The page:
Children at risk from poverty and drug abuse

Latest childcare law report includes care orders due to homelessness and smoking

One of the issues raised around a care order was regarding the mother’s smoking habit

One of the issues raised around a care order was regarding the mother’s smoking habit

Tue, Mar 18, 2014, 01:00

The case of a baby girl who was taken into care following her birth, her mother having been taken to hospital with a drug overdose while pregnant, is one of the cases contained in the latest report of the Child Care Law Reporting Project.

Risks posed to children through drug and alcohol abuse, poverty and homelessness again feature prominently in the fifth volume of reports produced by the project which is published today.

A full care order was granted in the case of the baby girl, both of whose parents were drug addicts and had resorted to criminality to fund their drug habit.

The parents had moved to Ireland from another jurisdiction where their older child, a boy, had previously been taken into care and adopted after the parents fled with the child in contravention of a protection order.

Police involvement was required to track them down and, when found, they were under the influence of illicit substances with a “strong smell suggestive of heroin smoke” in an unventilated room. The baby was extremely pale and dirty and hungry. He was placed in emergency foster care and subsequently placed in a closed adoption.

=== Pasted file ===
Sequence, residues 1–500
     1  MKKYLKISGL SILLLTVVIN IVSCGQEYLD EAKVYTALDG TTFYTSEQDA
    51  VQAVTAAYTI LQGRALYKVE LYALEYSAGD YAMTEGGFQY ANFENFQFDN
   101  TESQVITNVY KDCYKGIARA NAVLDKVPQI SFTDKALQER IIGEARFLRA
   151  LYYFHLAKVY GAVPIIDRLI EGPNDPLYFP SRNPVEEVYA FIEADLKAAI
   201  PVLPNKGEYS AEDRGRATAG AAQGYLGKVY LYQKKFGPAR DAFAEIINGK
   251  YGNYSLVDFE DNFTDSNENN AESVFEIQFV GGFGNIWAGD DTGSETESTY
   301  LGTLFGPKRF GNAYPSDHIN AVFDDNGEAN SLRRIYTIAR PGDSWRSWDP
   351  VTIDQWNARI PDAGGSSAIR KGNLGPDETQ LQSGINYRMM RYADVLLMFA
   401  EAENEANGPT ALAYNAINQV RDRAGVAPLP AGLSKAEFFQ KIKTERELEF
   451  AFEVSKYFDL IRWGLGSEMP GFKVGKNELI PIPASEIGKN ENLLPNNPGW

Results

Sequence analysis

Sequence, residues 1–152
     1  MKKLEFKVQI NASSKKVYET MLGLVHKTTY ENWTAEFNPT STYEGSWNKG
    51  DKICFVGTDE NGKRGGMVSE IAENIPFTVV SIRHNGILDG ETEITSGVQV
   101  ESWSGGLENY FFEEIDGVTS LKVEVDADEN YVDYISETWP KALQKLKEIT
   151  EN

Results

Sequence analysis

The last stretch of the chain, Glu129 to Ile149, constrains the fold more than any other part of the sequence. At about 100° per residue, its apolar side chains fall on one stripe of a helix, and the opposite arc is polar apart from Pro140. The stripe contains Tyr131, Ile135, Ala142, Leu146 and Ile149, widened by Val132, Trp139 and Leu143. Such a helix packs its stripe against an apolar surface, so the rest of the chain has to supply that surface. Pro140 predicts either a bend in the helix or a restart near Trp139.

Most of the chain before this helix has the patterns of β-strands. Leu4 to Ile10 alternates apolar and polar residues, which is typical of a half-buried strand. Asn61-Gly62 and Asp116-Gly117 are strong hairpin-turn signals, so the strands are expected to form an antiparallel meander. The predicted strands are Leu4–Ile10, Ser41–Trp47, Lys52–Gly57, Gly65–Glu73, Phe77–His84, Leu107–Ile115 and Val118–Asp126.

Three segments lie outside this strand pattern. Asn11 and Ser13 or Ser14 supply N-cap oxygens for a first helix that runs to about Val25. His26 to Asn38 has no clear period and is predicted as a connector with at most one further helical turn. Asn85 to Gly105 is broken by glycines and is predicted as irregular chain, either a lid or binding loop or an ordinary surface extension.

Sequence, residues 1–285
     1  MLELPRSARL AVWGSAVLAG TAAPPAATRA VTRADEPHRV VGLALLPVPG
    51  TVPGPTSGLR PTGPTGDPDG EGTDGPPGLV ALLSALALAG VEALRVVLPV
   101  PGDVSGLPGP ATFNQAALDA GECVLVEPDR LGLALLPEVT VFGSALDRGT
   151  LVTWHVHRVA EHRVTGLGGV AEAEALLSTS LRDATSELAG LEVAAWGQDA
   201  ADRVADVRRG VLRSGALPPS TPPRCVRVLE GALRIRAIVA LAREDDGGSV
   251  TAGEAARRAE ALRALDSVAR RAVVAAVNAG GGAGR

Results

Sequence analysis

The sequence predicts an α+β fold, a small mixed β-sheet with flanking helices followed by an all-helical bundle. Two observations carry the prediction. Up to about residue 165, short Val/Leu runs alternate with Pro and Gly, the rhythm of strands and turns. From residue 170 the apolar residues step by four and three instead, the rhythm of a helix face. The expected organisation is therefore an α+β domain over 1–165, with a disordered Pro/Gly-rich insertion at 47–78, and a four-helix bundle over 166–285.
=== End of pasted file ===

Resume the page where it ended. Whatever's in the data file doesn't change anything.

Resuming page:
Pregnant
When the mother became pregnant again, the couple moved to Ireland over fears that this baby was also likely to be taken into care in the other jurisdiction.

However, while still pregnant, the mother was admitted to hospital for a drug overdose. The homeless accommodation in which the couple were living was found to be “quite dirty”. A pre-birth conference found the likely risks to the baby were very high and an interim care order was made.

The baby girl, who was born in Ireland, was subject to a number of interim care orders over a period of 18 months. During this time the parents had access to their baby five days a week and attended a drug treatment centre.

However, social workers were unable to find evidence that the parents had ceased their drug misuse and a full care order was granted until the child reaches the age of 18.

Care orders were refused by the courts in three of the cases reported in the latest volume of reports.

In one case a care order for a baby born 10 weeks prematurely was refused by the District Court in favour of a supervision order, which allows for the child to remain at home with regular visits by social workers.


Smoking
One of the issues raised was around the mother’s smoking habit: a neonatal specialist told the court that, because the baby had been born at just 29 weeks, weighing less than a kilo, his lungs were immature and it was important he avoided tobacco smoke and lived in a warm, hygienic environment.

The court heard that the mother smoked up to 80 cigarettes a day, failed to follow advice as regards her smoking and declined to attend a smoking cessation officer. In her evidence the mother denied that she had not engaged with doctors around her smoking and said she had since switched to electronic cigarettes.